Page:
Federal authorities are monitoring voting in the US and any threats to the election across the country from an operations centre outside Washington DC, run by the cyber-security unit of the Department of Homeland Security.

Officials there said there were no major problems detected early on Tuesday but urged the public to be wary and patient.

US Cybersecurity and Infrastructure Security Agency director Christopher Krebs said from the centre that there was “some early indication of system disruption”, but did not elaborate.

He added that he has “confidence that the vote is secure, the count is secure and the results will be secure”.

Mr Krebs said officials have seen attempts by foreign actors “to interfere in the 2020 election”, but officials “have addressed those threats quickly” and “comprehensively”.

He added that election day “in some sense is half-time” and there “may be other events or activities or efforts to interfere and undermine confidence in the election”.

He urged all Americans “to treat all sensational and unverified claims with scepticism and remember technology sometimes fails”.

It came as Donald Trump threatened legal action to block the counting of ballots received after election day. For example, if Pennsylvania ballot counting takes several days, as is allowed, the president claimed without evidence that “cheating can happen like you have never seen”.

In fact, there are roughly 20 states that allow mail-in ballots received after election day to be counted — up to nine days and longer in some states. Litigation has centred on just a few where states have made changes in large part due to the coronavirus.

A panel of federal appeals court judges has rejected an 11th-hour Republican effort to bar drive-through voting in Houston, Texas.

The 5th US Circuit Court of Appeals denied the request in a one-sentence ruling issued late on Monday.

The request stemmed from a lawsuit brought by conservative Texas activists, who have railed against expanded voting access in Harris County, where a record 1.4 million early votes have already been cast.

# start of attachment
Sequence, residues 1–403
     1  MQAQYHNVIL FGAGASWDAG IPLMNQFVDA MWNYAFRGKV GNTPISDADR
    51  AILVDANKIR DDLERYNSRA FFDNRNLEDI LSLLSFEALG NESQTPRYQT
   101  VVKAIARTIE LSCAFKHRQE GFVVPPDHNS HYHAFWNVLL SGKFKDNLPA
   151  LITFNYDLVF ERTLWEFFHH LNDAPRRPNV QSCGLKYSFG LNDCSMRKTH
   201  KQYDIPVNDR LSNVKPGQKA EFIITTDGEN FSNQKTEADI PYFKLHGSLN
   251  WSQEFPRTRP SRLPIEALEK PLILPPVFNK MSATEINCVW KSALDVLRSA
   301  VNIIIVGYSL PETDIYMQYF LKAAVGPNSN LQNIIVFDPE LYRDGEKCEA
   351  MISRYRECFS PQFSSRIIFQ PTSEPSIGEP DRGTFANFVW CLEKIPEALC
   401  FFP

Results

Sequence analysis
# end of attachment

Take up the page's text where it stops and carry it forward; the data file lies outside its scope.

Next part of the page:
The county is the nation’s third-most populous and a crucial battleground in Texas, where Mr Trump and Republicans are bracing for the closest election in America’s largest red state in decades.

US Election
(PA Graphics)

Harris County Democratic Party spokeswoman Angelica Luna-Kaufman said the appeals court decision was expected following a ruling earlier on Monday by a federal judge who rejected a Republican effort to invalidate nearly 127,000 votes in Houston because the ballots were cast at drive-through polling centres established during the pandemic.

“We are not surprised that this happened… we believe the law is on the side of the voters,” Ms Luna Kaufman said. “Hopefully it’s all over now.”

Mr Trump won Texas by nine points in 2016 but polls have shown Democrat Joe Biden still within reach in America’s biggest red state. Democrats also need to flip only nine seats to reclaim a majority in the Texas House for the first time in 20 years, and have targeted several races in Harris County.

Early voting numbers across the country have already eclipsed 2016 figures, and the lawsuits have started early.

US Election
(PA Graphics)

Republicans and a local voter accused county officials in suburban Philadelphia of improperly sorting deficient ballots before Tuesday to give voters a chance to fix problems.

The suit comes after county Republicans noted a pile of ballots set aside during a walk-through of operations at the county courthouse in Norristown on Sunday.

There have already been roughly 300 lawsuits over the election filed in dozens of states, many involving changes to normal procedures because of the coronavirus pandemic, which has killed more than 230,000 people in the US. Legal battles ensued over signature matches, drop boxes and secrecy envelopes.

North Carolina also has seen a court fight between Democrats who support extending the deadline for absentee ballots and Republicans who oppose it. The six-day extension was approved by a state court.

In Minnesota, late-arriving ballots will be segregated from the rest of the vote because of ongoing legal proceedings, under a federal appeals court order.